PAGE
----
B2B lead generation programs are often centered around capturing an email address. It is common for marketers to segment email addresses based on domain for deliverability tracking. But, there is often deeper insight into lead type and quality to be derived from further interrogation of the components that make up an email address.
An email address can be split into at least three component parts:
- The username
- The website domain (also called the second level domain)
- The website domain extension (also called the top level domain or TLD)
Each of these components has the ability to give you standalone insights that may not be readily apparent when you look at a submitted email address in its entirety.
The username is the portion of the email address that comes before the “@”. It is probably the most useful portion of the email address to analyze because it is so signal rich due to the amount of variation. Interestingly, it is probably also the least commonly analyzed component. Here are some common username structures:
- Proper first name or proper first name and last initial like “joe@” or “joes@”. Email addresses with these usernames generally belong to employees at small companies or start ups. In some cases, these also may belong to very senior or tenured employees at bigger companies.
- Proper first name and last name or first initial and last name like “jsmith@” or “joesmith@”. These types of usernames are most common for corporate email users at bigger companies that have developed standardization.
- Any mixture of first and last name, initials or other words and a number “joes1977@”. These types of usernames rarely belong to corporate users.
- A business or entity name like “joesbusiness@”. This username structure is common among very small businesses that may not have a dedicated website due to budget or knowledge limitations. Freelancers and independent consults will also use these types of usernames. That said, the advent of Google Apps and other solutions that make it very easy to set up a custom email domain without a great deal of technical knowledge required and low cost have made this less and less common.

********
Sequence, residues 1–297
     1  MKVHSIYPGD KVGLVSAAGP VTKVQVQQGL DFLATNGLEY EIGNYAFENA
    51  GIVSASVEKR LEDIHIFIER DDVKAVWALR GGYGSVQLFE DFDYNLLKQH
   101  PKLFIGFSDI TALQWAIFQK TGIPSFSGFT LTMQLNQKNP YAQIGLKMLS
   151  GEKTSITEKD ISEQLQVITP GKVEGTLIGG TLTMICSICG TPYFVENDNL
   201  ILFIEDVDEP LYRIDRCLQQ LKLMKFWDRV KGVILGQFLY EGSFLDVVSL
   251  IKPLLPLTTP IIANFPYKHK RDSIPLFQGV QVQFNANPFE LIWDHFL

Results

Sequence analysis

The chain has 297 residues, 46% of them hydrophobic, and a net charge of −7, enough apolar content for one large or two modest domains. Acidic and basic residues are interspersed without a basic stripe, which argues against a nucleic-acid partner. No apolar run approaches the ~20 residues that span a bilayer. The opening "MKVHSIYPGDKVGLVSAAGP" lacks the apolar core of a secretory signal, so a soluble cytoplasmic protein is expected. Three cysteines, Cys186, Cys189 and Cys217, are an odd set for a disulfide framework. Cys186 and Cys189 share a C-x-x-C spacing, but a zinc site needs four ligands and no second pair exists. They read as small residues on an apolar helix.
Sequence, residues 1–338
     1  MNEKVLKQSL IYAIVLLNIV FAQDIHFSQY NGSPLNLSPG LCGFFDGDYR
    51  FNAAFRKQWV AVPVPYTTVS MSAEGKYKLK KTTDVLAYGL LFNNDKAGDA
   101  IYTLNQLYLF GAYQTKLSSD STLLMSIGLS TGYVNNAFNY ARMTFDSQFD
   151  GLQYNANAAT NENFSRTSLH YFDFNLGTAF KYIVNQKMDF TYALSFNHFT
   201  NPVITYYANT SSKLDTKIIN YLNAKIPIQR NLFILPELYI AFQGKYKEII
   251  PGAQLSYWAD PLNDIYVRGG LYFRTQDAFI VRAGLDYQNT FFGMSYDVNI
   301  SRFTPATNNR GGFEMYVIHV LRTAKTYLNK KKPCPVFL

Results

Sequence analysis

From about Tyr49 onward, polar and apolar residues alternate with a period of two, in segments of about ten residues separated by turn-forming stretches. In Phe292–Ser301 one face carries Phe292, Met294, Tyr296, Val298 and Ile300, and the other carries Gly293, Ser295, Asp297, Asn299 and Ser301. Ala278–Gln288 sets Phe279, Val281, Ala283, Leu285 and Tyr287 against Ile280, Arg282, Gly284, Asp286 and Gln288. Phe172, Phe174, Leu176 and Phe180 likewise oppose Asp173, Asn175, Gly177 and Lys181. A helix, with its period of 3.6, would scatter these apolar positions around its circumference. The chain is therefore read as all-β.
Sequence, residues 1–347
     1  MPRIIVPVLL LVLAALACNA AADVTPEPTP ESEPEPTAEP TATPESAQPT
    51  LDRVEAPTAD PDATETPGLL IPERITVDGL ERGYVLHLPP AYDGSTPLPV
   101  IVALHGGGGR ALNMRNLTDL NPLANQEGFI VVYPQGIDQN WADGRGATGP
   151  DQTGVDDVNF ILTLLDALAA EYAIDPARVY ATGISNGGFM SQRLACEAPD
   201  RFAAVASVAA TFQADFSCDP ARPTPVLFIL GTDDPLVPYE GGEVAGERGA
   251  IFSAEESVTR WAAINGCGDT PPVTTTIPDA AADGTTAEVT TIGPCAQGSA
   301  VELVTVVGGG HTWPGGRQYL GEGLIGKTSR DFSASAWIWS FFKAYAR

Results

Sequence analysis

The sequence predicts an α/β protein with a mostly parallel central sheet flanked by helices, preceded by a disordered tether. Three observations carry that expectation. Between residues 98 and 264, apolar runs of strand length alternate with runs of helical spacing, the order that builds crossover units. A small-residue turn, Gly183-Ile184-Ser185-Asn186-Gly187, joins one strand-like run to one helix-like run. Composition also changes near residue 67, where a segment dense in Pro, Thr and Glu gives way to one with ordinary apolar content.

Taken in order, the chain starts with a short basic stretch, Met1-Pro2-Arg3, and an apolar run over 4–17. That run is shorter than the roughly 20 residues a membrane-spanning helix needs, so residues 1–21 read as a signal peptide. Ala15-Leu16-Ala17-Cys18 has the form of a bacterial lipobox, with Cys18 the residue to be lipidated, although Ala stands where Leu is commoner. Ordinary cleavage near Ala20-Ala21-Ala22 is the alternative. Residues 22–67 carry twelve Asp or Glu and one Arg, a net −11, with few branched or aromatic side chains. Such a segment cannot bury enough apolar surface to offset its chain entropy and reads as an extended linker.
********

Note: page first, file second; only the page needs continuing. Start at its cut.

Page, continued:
- Role based accounts like “marketing@”, “finance@” or “webmaster@”. These types of usernames can be a gold mine of insights as they can help you understand the lens under which an email lead may be analyzing your product. In other cases, role based usernames are too generic to be insightful.
Gmail users can add a “+” and additional text at the end of their username as a real time tagging mechanism. This looks something like “joesmith+word@”. Parsing out the content after the “+” can be extremely informational. For example, if a subscriber to your email list adds “+spam” to their username then you have a pretty good sense what their first impression of your website, list or service may have been! I’ve also seen the “+” used to segment out different clients or initiatives as in the case of “+marketing” or “+billing”.
The domain is the portion of the email address that comes after the “@” and before the “.”.
- Free email domains. The most common free email providers in the United States are generally Gmail, Yahoo, Hotmail (plus legacy variants MSN and Live), Aol and Comcast. But, there are many, many free email providers worldwide. Here is a list of thousands global free email providers as a reference.